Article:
|Scotty's Sandbar from the parking lot|
Three summers ago, we set out to find a beach bar in town. The closest we got was Malickey's Pub on south Madison, which has since closed but was rumored to have the best Sex on the Beach -- not what we had in mind.
This year, on a nice summer afternoon, we did much better. One hump over the Lafayette Bridge, onto the Middlegrounds, past the new Michigan Sugar Trails and down a driveway across the road from a Superfund landfill site, we found it: the old Sand Bar, all cleaned up and recently reincarnated as Scotty's Sandbar.
We even found Scotty, who seems like such an easygoing, sensible guy that you wonder why he went through all the hassle of fixing up a long-abandoned bar that had smashed-in windows and a caved-in roof.
"It gives me something to do other than going up and down the river," he said.
It turns out that Scotty, whose real name is Scott Causley, runs barges and tugboats on the Saginaw River. A few years back, he bought land on the island to store his equipment. And with
|Owner Scott Causley|
There is no sand. But if you use a loose definition of sandbar as a place on the water where you might get stuck, the bar's name makes sense. The Sandbar would be a good place to be stuck.
Causley's renovation work continues. He put in a large dock to attract boaters. An existing deck looks out at the water, but plans for next year are to make a much larger one extending over the water's edge, complete with an outdoor bar and stage. He also plans to put a tug at the end of the dock to serve as a maritime museum.
If you're looking for a spot to sit with a beer and watch the water, as we were, your choices are slim. In the center of town, there are Hooters (where distractions could be a problem) at the foot of Midland Street, the new Black Pearl (once called the Blackhawk, then an assortment of names) at the foot of Third, and the bar at Real Seafood Co. in Uptown, where you can get fried Brussels sprouts (hey, they're good) with your beer. And there's Castaways up on the much smaller Kawkawlin River.
Nobody is likely to describe the Saginaw River as a grand waterway. But it's the best we've got. And the Middlegrounds (well, almost all of it) is still within the city though you'd never know it
|View of the river, with cruise boats|
At the Sandbar, a wall of large windows gives a broad river view, even from inside the black-and-white blockhouse structure. The landfill is nowhere in sight. And a visit to Scotty's will set you back less money than any of the waterfront alternatives.
On tap are Bud Light, Bell's Two Hearted and Oberon ales, All-Day IPA (from Founders Brewing in Grand Rapids), Sam Adams Cherry Wheat, Stella Artois, Leinenkugel Summer Shandy and Miller Lite. Prices vary, with Bud Light and Lite at $2 a pint, Cherry Wheat and the IPA at $5. Assorted cans (no bottles) also are available.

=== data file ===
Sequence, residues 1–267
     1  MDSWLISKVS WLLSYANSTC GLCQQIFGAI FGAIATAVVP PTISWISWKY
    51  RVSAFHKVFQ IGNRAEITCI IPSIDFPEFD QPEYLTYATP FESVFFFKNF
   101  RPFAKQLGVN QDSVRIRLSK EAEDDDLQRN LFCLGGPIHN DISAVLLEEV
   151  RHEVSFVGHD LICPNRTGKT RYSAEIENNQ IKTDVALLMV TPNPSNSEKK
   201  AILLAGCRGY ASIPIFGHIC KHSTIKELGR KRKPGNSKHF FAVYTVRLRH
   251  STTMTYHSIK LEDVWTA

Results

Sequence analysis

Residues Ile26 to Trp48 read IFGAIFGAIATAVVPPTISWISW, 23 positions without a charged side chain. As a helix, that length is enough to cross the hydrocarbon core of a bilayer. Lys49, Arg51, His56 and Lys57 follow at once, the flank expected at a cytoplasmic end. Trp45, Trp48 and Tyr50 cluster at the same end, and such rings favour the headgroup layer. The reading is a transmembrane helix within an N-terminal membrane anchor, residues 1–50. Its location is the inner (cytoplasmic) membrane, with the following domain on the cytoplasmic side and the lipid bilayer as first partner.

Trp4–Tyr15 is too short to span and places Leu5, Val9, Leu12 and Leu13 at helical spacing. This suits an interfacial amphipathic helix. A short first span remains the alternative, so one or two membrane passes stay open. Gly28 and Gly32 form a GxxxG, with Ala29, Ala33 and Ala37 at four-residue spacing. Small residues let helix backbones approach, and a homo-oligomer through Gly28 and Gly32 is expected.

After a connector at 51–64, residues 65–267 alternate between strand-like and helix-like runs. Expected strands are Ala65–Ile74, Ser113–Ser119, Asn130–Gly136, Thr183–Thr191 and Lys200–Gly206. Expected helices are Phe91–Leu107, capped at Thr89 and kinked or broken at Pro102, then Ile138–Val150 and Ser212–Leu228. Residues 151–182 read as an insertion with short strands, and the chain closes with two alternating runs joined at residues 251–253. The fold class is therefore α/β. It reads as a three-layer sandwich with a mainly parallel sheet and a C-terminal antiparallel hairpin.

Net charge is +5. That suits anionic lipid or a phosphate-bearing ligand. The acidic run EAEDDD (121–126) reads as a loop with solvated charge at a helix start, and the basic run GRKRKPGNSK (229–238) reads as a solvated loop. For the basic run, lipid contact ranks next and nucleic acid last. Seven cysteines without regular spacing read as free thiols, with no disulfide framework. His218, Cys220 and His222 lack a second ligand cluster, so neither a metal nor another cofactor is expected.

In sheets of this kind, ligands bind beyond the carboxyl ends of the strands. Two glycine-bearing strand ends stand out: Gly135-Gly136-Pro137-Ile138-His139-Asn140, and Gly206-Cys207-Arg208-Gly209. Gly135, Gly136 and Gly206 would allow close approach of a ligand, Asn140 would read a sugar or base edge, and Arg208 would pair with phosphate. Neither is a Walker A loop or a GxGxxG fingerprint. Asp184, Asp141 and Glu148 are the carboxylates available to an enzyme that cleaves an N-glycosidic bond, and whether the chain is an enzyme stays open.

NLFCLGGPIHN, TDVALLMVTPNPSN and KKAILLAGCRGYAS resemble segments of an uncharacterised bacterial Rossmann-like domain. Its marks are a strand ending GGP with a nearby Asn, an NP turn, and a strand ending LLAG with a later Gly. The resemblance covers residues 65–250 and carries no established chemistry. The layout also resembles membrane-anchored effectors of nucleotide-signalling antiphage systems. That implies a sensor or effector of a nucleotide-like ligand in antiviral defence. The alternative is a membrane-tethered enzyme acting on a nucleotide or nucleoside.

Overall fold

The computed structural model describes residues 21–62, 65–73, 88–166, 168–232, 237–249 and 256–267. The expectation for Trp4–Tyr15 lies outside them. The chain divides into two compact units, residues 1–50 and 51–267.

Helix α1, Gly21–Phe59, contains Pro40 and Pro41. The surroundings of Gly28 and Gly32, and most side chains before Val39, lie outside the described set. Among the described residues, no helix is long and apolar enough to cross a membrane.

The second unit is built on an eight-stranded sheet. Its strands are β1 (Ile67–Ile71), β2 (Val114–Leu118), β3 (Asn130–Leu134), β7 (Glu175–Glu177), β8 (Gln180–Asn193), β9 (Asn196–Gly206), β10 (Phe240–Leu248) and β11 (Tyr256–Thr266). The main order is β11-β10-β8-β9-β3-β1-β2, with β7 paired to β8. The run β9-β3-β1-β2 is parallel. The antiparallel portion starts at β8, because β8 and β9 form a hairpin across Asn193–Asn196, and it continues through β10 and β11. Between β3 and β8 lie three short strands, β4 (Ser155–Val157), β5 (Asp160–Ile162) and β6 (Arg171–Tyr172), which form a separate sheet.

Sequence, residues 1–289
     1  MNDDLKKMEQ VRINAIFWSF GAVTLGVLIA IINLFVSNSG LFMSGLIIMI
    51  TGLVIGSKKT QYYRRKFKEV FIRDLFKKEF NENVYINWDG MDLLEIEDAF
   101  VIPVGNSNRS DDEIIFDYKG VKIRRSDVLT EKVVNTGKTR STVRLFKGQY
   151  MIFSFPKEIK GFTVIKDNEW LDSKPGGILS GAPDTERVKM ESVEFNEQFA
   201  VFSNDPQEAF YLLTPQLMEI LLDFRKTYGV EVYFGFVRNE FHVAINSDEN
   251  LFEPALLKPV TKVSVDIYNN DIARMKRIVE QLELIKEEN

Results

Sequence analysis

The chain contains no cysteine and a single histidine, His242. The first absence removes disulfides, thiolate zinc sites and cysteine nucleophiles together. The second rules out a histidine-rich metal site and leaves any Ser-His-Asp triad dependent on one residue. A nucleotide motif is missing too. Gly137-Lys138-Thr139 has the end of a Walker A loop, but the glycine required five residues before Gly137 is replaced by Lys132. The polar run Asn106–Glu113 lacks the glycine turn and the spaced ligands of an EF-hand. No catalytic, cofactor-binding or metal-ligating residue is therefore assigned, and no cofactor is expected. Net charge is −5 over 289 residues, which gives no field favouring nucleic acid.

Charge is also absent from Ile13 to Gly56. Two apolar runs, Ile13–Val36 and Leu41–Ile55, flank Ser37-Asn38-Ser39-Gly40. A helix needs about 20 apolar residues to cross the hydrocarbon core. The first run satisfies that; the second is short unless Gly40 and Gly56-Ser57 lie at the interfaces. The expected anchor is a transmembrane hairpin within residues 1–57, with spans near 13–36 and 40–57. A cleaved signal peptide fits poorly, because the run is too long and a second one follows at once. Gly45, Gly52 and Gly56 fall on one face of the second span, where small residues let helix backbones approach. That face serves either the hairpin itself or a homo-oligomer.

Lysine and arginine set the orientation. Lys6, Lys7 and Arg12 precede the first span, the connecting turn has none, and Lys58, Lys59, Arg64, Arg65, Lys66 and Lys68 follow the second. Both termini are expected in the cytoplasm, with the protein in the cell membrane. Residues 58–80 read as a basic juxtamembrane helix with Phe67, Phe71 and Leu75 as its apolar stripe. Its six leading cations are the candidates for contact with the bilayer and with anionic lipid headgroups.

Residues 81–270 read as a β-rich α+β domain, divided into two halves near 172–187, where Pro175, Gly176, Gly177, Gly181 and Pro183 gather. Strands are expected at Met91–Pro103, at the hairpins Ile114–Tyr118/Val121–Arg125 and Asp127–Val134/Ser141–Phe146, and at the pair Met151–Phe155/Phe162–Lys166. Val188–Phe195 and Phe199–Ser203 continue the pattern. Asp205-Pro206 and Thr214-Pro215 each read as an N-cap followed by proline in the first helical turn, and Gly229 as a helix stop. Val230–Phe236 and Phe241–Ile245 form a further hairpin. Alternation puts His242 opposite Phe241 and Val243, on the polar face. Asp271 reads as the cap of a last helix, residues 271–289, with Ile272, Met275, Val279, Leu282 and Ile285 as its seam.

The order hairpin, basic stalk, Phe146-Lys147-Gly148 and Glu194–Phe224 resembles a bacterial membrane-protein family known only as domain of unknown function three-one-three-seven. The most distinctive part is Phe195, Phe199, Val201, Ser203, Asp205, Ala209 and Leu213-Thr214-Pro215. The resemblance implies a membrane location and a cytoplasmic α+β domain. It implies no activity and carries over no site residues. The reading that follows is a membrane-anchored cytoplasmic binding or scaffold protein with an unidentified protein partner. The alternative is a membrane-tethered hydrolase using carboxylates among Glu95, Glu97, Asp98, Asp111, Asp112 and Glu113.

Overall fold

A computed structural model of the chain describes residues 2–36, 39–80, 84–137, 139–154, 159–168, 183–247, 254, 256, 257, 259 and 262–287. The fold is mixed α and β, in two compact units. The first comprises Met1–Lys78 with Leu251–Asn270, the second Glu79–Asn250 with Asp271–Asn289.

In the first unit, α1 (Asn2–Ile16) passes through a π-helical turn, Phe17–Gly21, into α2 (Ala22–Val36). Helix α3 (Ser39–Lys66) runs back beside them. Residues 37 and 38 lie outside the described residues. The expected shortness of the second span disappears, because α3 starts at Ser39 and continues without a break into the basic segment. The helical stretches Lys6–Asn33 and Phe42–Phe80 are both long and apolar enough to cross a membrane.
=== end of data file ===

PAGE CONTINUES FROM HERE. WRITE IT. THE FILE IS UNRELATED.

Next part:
Big sellers, according to Nancy the bartender, are Captain Morgan and Diet Coke ($3.50), and Hot Damn. A young guy working outside asked for a glass of water with "all the fixins," which meant ice and slices of lemon, lime and orange.
The hairy guy wondered what would happen if he asked for a Manhattan. "Well, you'd have to tell me how to make it," Nancy said. So he did. But when she grabbed a bottle of dry vermouth
|Life on the deck|
Harry isn't a stickler when it comes to Manhattan recipes, but you can only go so far. Turns out there was no sweet vermouth, so that ended that. (Scotty said he'll get some.) Instead, Harry ended up with a fine $2.75 gin-and-tonic and took it out to the deck to relax in the sun.
The deck is big but nothing fancy. The chairs are plastic, for instance. But really, it's better this way. You don't have to worry about putting your feet up. And you know what can happen: One day those plastic chairs can turn into expensive designer things, and those $2.75 drinks will suddenly turn into $5 drinks or worse.
It's not, at least so far, much of a place for food. There are the usual bagged snacks, with subs on weekends. When we showed up, there was chicken salad (available on a bagel, croissant or onion roll); it was OK.
The Sandbar is open 10 a.m. to 1 a.m. Wednesday-Friday, noon to 1 a.m. Saturday and noon to 11 p.m. Sunday.
The men's room (look for the "King Fish" sign) is clean and includes a handy step-by-step posted explanation of "How to wash hands." Soap is involved, it turns out.
See Doc’s report: You won’t stumble upon Scotty’s Sandbar by accident
1201 Evergreen Drive